My presentation aims at offering a brief introduction to Manthia Diawara’s multifaceted work as a writer, filmmaker, and cultural theorist. Accompanying his biographic path by means of the narratives he offers in his books and films, I shall highlight the importance of the narrating mode he uses to offer us personal and collective stories through a distinctive voice, stories centred on a multi-located Africa, a continent that haunts him constantly – be it as a source of inspiration or anxiety, be it as an anchoring point, or as an object of – a never distant – analysis, faced with the pains and pleasures of exile. Travelling between Africa, Europe and the Americas, Diawara presents us with stories through which he approaches topics that are decisive for our contemporaneity, a time in which post- and neo-colonial imbalances, associated to migrations and the corresponding identitarian turbulences, are also a major issue to be addressed in Portugal, still in want of facing the country’s colonial past, the current challenges posed by globalisation, and the need to decolonise its national imaginary and self–representations.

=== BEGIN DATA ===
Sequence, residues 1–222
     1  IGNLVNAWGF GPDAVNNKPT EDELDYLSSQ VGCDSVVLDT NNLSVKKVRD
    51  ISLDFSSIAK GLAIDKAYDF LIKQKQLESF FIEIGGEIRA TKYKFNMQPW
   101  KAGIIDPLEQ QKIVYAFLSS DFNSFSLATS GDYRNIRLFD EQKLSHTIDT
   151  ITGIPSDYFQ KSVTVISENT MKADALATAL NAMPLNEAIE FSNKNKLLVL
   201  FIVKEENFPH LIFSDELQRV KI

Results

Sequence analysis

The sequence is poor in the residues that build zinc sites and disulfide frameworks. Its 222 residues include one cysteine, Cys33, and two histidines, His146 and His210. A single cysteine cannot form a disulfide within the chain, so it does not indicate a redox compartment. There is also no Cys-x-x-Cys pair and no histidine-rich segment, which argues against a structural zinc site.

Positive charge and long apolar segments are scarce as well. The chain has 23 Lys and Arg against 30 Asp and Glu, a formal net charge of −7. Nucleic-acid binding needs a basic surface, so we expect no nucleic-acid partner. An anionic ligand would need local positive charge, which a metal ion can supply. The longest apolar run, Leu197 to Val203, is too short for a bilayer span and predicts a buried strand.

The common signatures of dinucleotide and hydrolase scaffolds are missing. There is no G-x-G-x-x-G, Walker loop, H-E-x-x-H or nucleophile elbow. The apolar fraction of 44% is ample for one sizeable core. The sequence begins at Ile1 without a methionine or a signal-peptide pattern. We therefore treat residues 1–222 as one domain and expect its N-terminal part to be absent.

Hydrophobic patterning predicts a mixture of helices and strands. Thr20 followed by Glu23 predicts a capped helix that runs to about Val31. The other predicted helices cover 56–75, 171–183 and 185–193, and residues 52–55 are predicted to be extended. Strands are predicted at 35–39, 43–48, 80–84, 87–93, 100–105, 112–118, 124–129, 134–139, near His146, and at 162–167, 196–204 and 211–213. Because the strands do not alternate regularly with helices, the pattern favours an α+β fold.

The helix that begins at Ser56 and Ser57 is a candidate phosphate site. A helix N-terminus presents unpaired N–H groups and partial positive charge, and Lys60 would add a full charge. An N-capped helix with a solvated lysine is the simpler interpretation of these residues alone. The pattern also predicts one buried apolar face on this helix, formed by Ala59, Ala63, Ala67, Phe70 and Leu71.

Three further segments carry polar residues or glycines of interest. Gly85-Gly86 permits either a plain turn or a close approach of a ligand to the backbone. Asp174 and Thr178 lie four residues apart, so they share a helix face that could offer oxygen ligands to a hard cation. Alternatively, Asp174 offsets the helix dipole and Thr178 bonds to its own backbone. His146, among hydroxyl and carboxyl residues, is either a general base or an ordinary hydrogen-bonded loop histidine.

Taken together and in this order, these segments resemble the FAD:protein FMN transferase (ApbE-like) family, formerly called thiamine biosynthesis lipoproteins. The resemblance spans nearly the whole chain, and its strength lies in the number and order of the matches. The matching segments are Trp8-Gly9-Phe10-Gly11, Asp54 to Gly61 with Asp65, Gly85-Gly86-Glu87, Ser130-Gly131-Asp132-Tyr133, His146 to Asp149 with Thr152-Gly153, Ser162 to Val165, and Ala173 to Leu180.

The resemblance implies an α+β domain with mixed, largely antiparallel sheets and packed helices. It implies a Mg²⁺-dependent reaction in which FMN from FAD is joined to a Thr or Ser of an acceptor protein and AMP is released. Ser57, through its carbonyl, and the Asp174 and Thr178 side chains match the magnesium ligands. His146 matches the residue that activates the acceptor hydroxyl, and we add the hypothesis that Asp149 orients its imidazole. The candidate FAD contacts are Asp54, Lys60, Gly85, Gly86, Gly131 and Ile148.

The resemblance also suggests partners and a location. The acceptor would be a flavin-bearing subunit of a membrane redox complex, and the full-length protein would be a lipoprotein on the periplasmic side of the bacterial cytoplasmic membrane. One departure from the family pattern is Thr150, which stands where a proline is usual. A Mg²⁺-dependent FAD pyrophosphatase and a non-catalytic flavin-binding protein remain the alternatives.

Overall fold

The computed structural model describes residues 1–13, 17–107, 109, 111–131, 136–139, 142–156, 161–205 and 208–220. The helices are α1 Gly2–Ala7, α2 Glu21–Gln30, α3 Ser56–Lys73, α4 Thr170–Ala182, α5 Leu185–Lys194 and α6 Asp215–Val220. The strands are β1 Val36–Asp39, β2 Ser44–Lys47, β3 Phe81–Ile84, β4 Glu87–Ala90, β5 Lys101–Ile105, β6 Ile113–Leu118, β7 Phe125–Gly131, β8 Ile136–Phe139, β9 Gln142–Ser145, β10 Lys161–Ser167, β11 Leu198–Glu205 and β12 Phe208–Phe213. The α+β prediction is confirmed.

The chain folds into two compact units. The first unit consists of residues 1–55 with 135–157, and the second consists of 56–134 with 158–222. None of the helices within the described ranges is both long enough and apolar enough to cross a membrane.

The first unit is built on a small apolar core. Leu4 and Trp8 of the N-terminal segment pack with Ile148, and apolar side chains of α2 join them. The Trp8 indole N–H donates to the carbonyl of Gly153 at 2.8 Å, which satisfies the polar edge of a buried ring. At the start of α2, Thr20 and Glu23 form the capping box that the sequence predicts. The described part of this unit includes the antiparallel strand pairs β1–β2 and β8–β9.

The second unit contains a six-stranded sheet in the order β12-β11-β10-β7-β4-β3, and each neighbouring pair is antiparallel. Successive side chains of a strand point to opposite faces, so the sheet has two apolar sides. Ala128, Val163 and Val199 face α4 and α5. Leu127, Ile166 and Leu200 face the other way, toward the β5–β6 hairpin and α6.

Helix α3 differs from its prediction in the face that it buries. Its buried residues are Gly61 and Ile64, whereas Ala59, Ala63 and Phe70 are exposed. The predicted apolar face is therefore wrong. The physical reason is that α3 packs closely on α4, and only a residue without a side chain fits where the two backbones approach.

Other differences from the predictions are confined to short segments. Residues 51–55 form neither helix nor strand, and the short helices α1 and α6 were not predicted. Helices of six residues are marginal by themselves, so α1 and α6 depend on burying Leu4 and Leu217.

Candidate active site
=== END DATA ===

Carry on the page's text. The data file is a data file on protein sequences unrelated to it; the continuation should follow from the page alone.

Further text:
In Search of Africa (1997, Mali, 26’)
Director: Manthia Diawara; Production: Manthia Diawara; Editing: Beverly Petterson, Lora Hayes, Jim Underwood; Cinematography: Melvin Estrela, Arthur Jafa, Rene Gabri, Medoune Ndiaye, Barry Dia, Catherine Retat; Sound: Paul Michael; With: Maryse Condé, Mamadou Gologo, Mancona Kouyaté, Suret-Canal, Jane Martin Cissé; English subtitles
In 1996, the filmmaker and writer Manthia Diawara, returns to Guinea, thirty-two years after he and his family were expelled from the newly liberated country. Despite the years that have gone by, Diawara expects to be welcomed as an insider, and is shocked to discover that he is not.
Rouch in Reverse (1995, Mali, 52’)
Director: Manthia Diawara; Production: Parminder Vir, Formation Films; Editing: Sikay Tang, Justine Krish; Cinematography: Arthur Jafa, Khalid Frikha; Sound: Bernard Pichon; With: Jean Rouch; English subtitles
In this controversial documentary Manthia Diawara critiques visual anthropology through the work of Jean Rouch. The film consists of an engaging dialogue between post-colonial francophone Africa and its previous oppressor, France. Commonly, viewers are subjected to a European perspective, providing a distant gaze into African culture, objectifying Africans or perhaps “othering” this community. This film, however, reverses this relationship through an examination of the life and works of ethnographic filmmaker Jean Rouch. Rouch discusses the state of contemporary Franco-African society from a uniquely African perspective. Rouch also discusses his body of work as well as his general outlook on life with passion and honesty. Diawara and Rouch speak with great intrigue throughout the course of “Rouch in Reverse”.